“Article 2 Scope
1. This Regulation applies to electronic identification schemes that have been notified by a Member State, and to trust service providers that are established in the Union.

2. This Regulation does not apply to the provision of trust services that are used exclusively within closed systems resulting from national law or from agreements between a defined set of participants.”

So why does this reliance on eIDAS still persist? Is it because member states see eConsent as an ‘Open’ system under the eIDAS regulation and the guidelines on computerised systems?

The Context of eConsent

To put all this into context for you, to be an ‘Open’ system, eConsent must be a standalone system with no other controls in place. While some eConsent systems can be seen as standalone systems that are not linked to other clinical systems and single identities are not maintained across the systems, true platform providers ensure that the decentralised elements are part of the same unified platform, where no one part is controlled by another system, so that an identity is managed across the platform, adhering to a ‘Closed’ definition.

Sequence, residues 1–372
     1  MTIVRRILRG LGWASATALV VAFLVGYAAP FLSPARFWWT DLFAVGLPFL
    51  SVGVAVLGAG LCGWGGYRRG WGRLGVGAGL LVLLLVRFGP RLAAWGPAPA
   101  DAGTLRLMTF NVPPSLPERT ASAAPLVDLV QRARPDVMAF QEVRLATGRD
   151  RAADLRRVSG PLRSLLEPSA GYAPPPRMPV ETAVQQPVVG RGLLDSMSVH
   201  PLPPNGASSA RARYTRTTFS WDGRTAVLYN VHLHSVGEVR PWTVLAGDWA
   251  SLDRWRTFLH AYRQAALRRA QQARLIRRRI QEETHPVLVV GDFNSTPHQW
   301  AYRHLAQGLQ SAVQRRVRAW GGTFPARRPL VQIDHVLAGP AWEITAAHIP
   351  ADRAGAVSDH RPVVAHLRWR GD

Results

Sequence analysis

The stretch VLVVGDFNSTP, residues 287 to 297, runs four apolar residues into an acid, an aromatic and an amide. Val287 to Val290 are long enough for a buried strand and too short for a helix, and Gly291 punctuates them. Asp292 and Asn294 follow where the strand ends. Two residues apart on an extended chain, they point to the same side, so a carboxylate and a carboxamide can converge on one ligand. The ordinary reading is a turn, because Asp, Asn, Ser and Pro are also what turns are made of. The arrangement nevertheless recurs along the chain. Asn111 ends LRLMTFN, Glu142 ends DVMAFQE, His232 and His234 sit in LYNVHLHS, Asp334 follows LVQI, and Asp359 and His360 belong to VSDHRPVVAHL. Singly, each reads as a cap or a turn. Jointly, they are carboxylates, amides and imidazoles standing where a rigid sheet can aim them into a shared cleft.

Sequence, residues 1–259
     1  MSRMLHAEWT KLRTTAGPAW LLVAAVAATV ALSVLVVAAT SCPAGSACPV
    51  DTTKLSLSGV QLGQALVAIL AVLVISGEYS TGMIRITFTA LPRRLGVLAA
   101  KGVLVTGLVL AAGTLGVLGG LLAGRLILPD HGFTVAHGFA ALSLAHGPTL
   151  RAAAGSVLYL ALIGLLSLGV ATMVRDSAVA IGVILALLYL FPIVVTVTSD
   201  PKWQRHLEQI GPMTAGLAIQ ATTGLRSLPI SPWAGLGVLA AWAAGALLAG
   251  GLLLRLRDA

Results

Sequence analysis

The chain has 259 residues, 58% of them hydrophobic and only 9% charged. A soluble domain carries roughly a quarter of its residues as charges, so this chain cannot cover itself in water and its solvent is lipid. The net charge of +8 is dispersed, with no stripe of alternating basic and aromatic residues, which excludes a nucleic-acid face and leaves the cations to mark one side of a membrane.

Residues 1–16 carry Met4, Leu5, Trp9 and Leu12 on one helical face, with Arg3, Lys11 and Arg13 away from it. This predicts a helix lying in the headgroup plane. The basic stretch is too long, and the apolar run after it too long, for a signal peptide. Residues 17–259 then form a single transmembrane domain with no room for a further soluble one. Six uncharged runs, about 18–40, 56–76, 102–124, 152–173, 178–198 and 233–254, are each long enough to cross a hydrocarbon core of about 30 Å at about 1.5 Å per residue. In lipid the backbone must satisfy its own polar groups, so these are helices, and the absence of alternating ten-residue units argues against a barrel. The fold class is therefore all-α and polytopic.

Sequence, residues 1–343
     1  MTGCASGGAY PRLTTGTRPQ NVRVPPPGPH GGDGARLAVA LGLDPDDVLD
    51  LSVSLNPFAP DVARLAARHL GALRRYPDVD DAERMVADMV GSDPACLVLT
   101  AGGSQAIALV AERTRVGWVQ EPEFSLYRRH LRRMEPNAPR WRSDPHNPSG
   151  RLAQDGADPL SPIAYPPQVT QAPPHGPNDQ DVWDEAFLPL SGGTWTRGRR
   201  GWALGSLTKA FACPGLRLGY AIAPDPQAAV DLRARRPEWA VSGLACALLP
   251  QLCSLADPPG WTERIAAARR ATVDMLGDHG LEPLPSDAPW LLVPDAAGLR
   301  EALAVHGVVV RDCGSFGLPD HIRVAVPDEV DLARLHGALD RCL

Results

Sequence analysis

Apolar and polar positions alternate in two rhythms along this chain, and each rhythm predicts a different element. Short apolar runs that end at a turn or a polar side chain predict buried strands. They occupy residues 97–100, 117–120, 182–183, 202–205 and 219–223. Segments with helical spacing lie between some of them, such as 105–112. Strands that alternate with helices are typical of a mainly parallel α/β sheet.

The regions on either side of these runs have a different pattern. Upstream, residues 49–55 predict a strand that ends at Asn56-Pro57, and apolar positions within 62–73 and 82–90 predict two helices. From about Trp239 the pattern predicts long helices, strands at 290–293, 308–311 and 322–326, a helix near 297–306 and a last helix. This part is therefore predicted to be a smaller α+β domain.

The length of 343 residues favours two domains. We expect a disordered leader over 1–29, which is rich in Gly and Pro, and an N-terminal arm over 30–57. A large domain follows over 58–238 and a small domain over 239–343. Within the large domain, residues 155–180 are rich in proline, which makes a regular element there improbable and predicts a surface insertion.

In a ‘Closed’ system, participant identity is verified outside of the signature itself when participants are enrolled in a study and the site must independently verify their identity. This is done outside of the 'Closed' system, but access to the ‘Closed’ system is provided upon confirmation of identity, and there is an unbroken link between the identity documents held at the site and the access to the ‘Closed’ system, the unique participant ID or subject ID.

So, the question you need to ask is, “Do you treat your eConsent system as an 'Open' or 'Closed' System?” At THREAD, we define our platform services provided as a 'Closed' system and as a result, additional controls around the use of eSignatures are not required. For more information, visit www.threadresearch.com/econsent.

  1. https://health.ec.europa.eu/document/download/2ccc46bf-2739-4b9a-ab6b-6f425db78c61_en?filename=mp_decentralised-elements_clinical-trials_rec_en.pdf
  2. https://www.ema.europa.eu/en/documents/regulatory-procedural-guideline/guideline-computerised-systems-electronic-data-clinical-trials_en.pdf
  3. https://eur-lex.europa.eu/legal-content/EN/TXT/?uri=uriserv:OJ.L_.2014